There is a performance cost to converting records and packaging between original Engine and AMP when reading in Zip files. This may cause larger Zip files to read significantly slower with AMP.
When opened in a text editor, a YXDB file written with AMP has "Alteryx e2 Database file" at the very beginning of the file content. A file written with the original Engine will just show "Alteryx Database File" at the same place.
To improve the original Engine performance (make AMP write a YXDB file created with the original Engine), go to the Output Data - Configuration menu, where you have the option to create a version of the YXDB file compatible with Designer 18.1 and older.
The Output tool behaves differently with records containing SpatialObj data when saving CSV file with the original and AMP Engine. While AMP Engine writes SpatialObj data in to the file when saving as CSV file, the original Engine doesn’t. This difference causes file size difference and you may experience decreased performance.
IF needed, a workaround is to remove the spatial data from the records by using the Select tool, then both Engines will complete with similar durations.
Performance Profiling per tool with AMP is available with Designer version 2021.3 and newer.
R tool performance
AMP passes data to and from R in the original Engine format. This double conversion takes time. Single R tool execution time can be slower with AMP than with the original Engine, but it will be faster if more than one branch are run simultaneously.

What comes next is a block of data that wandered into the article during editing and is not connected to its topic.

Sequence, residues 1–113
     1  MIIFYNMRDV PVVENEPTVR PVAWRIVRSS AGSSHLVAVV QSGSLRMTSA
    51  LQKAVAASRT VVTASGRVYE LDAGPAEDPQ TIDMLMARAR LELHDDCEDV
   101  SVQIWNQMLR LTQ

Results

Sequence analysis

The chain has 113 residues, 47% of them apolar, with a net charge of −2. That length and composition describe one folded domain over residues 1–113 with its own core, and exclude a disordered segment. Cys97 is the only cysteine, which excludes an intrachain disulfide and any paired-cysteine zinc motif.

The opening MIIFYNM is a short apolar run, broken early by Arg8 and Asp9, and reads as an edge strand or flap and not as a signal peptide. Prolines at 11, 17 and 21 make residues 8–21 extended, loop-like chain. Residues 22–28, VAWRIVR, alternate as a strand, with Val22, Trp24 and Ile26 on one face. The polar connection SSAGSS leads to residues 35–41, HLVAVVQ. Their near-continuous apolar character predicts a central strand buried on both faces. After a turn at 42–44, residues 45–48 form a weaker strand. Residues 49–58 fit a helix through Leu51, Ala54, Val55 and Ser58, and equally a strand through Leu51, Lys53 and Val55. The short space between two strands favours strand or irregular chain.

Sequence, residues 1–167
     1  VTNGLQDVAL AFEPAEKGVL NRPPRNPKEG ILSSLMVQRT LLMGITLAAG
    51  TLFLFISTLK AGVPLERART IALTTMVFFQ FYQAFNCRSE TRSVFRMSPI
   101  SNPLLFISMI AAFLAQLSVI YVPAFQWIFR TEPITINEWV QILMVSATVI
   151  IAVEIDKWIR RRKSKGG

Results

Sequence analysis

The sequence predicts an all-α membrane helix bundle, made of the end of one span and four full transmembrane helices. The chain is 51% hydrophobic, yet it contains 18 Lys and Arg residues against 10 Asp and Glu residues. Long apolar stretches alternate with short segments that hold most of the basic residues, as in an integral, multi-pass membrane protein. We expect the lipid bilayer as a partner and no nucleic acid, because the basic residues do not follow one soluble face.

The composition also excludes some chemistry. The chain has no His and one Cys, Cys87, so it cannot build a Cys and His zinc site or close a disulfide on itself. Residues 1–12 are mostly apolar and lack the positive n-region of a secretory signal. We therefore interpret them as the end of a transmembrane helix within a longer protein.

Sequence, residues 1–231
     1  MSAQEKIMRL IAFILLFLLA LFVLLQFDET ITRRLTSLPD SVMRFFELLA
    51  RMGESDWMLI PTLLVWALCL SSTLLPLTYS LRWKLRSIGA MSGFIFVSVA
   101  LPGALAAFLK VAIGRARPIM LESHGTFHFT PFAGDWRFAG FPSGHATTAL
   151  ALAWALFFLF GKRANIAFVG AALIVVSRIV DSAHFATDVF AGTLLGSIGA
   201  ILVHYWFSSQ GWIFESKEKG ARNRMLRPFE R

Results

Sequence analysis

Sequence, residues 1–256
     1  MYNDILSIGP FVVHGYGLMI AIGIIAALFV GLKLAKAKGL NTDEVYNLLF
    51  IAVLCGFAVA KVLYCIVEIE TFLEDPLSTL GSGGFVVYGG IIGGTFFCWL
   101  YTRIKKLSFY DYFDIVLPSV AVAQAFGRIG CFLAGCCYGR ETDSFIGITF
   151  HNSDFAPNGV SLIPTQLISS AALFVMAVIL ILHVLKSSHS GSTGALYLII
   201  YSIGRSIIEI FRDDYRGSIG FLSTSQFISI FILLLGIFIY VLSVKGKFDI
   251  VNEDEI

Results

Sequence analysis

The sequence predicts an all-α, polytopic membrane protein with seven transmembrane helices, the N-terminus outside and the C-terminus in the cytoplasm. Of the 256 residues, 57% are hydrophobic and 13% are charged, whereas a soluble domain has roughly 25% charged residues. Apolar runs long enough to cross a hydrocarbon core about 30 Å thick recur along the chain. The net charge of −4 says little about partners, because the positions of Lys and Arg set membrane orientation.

Text Input Tool and AutoField
AMP addresses a historic issue where the size of the field might not be large enough when processed by a downstream tool. You don't need to add Select tools to change data types when the resulting data exceeds the length of the original data type. AMP creates the maximum size field for strings and integers so that subsequent operations have the necessary room to hold larger downstream values.
Although the Throttle tool was not fully converted to AMP, you can use it together with the Download tool (Throttle first).
Fuzzy Match might have different results between the original Engine and AMP. AMP records are matched using an alternative method. The order of match might be different and the output might be in reverse order as well. There is a known performance issue where Fuzzy Match is less performant with AMP than the original Engine.
AMP uses Unicode and Perl encoding standards, where the characters
~ don't qualify as punctuation. When you use the formula function REGEX_Replace or the RegEx tool to filter punctuation with the RegEx set [[:punct:]], with AMP you need to change the expression.
Grouping Tools and Blocking Tools
The Join algorithm with the original Engine is based on a sort-merge join method, where the records always come in a sorted order. The new Join algorithm with AMP is based on a hash join method, so the record order comes out disordered. For example: